This year I would like to pre-seed or pre-plant as many plants as I can for the winter. I have planted some ramp seeds and garlic bulbs, but I am wondering if other cold weather-hardy crops could be sown in the fall. I have kale, collards, carrots, and chard. Would any of these plants survive the winter under the soil and grow well in the next season? I figure natural style cold stratification should lead to vigorous growth next year.

If anyone has experience with this let me know.
>>
>>1133717
Many tubers can be overwintered under piles of straw. So long as they don't freeze they should make it. Of course some stuff like whole carrots and burdock just become woody in the second year and produce flowers and seed. Their seeds are fine to plant. The main thing to worry about is frost zapping them if they sprout up before the last frost.
>>
>>1133263
So basically a greenhouse is the only proper way? Or do you just mean in the Fall and Winter?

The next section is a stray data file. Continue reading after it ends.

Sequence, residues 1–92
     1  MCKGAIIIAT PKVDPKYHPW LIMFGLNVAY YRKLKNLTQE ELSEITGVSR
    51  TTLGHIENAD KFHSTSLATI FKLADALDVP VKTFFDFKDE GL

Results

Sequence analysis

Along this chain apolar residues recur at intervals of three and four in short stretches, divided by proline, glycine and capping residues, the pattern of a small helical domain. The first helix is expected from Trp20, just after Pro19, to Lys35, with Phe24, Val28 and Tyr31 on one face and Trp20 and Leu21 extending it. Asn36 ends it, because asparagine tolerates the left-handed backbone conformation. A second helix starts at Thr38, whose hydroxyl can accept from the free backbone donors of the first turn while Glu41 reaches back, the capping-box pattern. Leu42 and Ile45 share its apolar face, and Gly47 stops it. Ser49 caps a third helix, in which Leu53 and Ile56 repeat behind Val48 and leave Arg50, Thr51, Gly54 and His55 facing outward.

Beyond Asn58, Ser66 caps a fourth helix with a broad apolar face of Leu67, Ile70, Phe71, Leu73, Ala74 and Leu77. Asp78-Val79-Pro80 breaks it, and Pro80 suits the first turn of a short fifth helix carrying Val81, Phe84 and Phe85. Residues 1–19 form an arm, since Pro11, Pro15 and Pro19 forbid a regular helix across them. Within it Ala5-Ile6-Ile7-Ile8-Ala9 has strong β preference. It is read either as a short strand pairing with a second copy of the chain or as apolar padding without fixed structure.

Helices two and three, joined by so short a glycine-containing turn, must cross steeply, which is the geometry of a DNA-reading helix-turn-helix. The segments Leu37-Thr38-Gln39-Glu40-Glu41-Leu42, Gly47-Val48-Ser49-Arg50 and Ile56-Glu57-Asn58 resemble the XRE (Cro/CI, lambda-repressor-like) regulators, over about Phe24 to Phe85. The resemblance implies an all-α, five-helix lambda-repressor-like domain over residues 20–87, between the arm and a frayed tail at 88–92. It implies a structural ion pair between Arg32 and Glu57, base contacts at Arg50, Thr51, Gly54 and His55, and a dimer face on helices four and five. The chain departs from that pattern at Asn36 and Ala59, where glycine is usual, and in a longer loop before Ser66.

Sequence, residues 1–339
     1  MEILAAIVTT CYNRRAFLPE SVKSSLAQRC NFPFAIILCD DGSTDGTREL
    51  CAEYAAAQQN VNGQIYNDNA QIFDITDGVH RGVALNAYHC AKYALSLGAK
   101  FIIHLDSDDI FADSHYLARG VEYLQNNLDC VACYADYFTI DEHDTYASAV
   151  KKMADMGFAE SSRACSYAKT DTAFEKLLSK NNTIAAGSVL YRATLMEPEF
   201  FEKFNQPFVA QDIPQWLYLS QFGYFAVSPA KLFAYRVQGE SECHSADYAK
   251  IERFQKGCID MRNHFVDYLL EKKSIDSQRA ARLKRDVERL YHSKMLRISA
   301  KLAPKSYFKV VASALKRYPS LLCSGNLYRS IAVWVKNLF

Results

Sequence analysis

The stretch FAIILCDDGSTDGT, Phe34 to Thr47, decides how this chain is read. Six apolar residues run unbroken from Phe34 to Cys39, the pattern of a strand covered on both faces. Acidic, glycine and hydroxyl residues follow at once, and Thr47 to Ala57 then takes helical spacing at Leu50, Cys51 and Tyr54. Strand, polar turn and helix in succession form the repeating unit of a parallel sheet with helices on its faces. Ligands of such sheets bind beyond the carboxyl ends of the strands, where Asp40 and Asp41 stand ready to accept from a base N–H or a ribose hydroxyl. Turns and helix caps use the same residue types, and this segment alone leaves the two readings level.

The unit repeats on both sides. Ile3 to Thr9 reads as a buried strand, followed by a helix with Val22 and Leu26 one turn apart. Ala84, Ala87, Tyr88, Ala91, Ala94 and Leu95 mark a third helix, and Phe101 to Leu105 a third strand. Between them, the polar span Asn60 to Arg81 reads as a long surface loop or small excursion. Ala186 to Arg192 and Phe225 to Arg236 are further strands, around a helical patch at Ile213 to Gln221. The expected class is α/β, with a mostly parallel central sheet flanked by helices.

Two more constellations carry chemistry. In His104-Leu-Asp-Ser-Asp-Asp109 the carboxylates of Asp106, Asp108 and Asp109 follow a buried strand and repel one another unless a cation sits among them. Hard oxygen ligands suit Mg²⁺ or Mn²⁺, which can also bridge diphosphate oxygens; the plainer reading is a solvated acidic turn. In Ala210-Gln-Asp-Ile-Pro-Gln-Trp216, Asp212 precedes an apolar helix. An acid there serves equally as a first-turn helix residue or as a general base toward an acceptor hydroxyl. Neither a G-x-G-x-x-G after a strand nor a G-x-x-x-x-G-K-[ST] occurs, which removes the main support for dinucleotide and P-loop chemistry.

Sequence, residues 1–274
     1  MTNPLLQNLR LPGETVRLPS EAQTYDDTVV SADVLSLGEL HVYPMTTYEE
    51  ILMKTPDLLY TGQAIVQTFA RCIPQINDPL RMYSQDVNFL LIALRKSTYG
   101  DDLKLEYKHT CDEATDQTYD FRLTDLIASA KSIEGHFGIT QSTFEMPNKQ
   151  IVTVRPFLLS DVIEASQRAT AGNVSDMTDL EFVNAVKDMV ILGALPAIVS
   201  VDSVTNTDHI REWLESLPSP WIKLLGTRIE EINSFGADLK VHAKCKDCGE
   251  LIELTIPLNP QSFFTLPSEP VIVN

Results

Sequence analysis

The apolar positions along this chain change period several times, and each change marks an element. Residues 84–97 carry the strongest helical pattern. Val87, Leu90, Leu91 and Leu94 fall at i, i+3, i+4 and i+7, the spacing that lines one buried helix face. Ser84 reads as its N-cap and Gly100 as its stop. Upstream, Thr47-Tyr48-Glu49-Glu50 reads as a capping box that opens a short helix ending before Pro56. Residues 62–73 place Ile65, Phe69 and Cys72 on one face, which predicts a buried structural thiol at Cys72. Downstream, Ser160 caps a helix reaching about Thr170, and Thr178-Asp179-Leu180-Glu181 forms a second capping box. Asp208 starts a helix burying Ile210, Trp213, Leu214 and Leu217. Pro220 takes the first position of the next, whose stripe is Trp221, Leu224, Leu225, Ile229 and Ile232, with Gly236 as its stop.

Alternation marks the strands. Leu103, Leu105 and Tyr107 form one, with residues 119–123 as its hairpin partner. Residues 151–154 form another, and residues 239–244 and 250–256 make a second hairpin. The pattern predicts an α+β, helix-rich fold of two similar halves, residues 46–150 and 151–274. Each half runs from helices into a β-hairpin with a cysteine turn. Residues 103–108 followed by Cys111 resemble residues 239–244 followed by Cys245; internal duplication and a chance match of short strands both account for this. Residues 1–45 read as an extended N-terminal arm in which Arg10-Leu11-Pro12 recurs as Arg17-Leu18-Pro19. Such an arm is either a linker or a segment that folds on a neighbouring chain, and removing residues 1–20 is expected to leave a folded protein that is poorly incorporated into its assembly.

>>
>>1133720
It is called a "hotbed" or "hotbox". Basically, a cold frame with hot manure in it for warmth. Yes, that is for cold months. I mean Maine is cold right now and getting colder. Otherwise, specify when you'll be planting for better info.
>>
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>fungus gnats
>>
>>1133546
Thanks, anon.

>>1133734
Had those once. Fungus gnat larvae freaked me out. Have you tried using yellow sticky traps and changed the way you water your plants?
>>
>>1133050
My Barbados Cherry tree is in trouble and I don't know why. It used to be doing so well until I moved it in so the cold wouldn't kill it. Now the leaves tips started to turn brown, brown spots started to appear, and leaves fell off.

I can't figure out what's wrong with it. I fed it fertilizer monthly as per usual, I water it, and it gets plenty of sun.